This book is full of action and adventure, and most of it takes place underwater, which is kind of a neat setting, if you are a diver. Nina Kirov goes off in search of ancient ruins, and finds a possible relic that could rock the world, proving that Columbus was not the first to discover America. A sinister organization called "The Brotherhood" also is aware of this relic and will stop at nothing to ensure that this relic, and others like it, never surface (pardon the pun). What bothered me the most about this book is it's unbelievable convenience of action. Before long, Nina has every resource imaginable, including the U.S. government and every research boat she could possibly need at her disposal, along with the best professionals in the world helping her out. Though the research done to write this book must have been phenomenal, (it is typical Clive Cussler after all), it doesn't ring true and it doesn't ring believable. Each horrific encounter of NUMA and the brotherhood is described in fantastic detail, yet the outcome is more than predictable, causing more than a few ho-hums. The characters read like robots, they don't seem to have much emotion at all, even Nina isn't developed enough to spend sufficient time grieving over a tragic slaughter of her favorite mentor and others. I think Clive Cussler, like Tom Clancy, spends too much time focusing on technical jargon and research findings than on developing his characters to the point where the average reader can put him/herself in their place. If you can't place yourself within the story,then you can't relate, and this is a book I just could not relate to. On the other hand, divers, underwater fanatics, and especially marine biologists and oceanographers will love this book. Anyone with an interest in the ocean and ships will fall right into this book. If you are out for a simple pleasurable story, my advice is to look elsewhere.
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Format: Mass Market Paperback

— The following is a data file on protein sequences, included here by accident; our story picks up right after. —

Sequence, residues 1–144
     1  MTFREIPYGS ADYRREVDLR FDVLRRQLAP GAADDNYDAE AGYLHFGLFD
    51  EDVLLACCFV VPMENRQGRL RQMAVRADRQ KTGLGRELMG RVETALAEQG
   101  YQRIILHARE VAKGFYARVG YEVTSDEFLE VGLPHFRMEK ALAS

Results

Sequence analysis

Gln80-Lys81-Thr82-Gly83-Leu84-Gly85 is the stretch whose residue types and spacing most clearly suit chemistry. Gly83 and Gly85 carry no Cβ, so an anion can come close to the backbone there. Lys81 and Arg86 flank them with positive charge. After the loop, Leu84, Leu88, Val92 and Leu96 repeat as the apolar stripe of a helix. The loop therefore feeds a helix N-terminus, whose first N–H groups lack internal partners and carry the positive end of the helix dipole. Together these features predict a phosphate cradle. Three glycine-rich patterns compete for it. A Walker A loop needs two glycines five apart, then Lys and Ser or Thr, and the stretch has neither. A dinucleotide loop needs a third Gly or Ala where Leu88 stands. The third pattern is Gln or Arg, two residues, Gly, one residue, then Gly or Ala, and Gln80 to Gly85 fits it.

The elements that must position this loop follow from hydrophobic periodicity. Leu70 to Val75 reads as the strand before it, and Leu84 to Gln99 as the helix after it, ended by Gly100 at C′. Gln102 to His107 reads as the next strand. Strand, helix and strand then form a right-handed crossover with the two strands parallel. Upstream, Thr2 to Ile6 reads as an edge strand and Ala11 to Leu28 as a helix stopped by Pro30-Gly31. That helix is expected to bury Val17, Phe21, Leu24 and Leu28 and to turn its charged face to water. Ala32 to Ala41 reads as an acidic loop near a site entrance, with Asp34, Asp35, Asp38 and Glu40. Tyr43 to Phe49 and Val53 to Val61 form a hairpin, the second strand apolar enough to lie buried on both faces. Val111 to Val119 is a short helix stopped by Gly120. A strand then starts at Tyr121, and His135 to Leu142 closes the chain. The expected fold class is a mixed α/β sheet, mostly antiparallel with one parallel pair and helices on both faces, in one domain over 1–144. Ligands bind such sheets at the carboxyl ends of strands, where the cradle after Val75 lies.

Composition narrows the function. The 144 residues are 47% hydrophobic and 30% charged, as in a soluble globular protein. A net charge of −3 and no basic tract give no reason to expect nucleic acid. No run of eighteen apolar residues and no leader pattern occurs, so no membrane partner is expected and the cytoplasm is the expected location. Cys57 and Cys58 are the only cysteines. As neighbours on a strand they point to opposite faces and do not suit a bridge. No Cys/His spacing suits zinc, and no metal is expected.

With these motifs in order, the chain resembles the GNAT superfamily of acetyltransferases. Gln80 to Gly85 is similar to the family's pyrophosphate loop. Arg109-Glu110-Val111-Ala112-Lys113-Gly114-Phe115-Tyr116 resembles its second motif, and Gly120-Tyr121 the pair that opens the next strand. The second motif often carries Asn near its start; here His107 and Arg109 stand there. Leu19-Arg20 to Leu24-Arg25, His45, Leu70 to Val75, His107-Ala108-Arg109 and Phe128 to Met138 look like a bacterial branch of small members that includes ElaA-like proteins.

NUMA, the supposedly research-geared government-funded agenyc that has tackled such boring dilemmas as raising the Titanic or otherwise deterring the dreams of many would-be world concquerors, has its share of heroes. Until now, NUMA has been the home-base of adventurer Dirk Pitt, the legendary creation of real-life submarine archaeologist Clive Cussler. Author Paul Kaprecos tries to carry the franchise a little further by adding new heroes to NUMA's roster - Austin and Zavala, but the result is a pale rip-off of a formula that was getting old when handled by Cussler. In this story, as with many of the Pitt-novels, a modern day crisis has roots or some other connection to an age-old mystery. Here, a Mayan artifact, shipped across the Atlantic on the Andrea Doria, goes down when that ship collides with a Swedish luxury liner. Fast-forward a few decades later: an archeological expedition in North Africa is brutally massacred, leaving only one survivor, a supermodel-esque archeologist who barely escapes death when managing to reach a nearby NUMA research ship. Helping out, and then having to confront the assassins themselves on a follow-up raid, Austin and Zavala pick up the pieces and discover a shadowy cabal that stretches from the age of Christopher Columbus to a shadowy southwest American businessman named Halcon. When the trail leads to a ring that smuggles mayan relics out of South America, Zavala and Austin uncover further proof that America's first "discoverers" had crossed the Atlantic ages earlier than Columbus. Through it all, a band of assassins linked to Halcon follows NUMA, indicating that even these age-old relics are important. With its offbeat NUMA charachters (like the obese St.Read more ›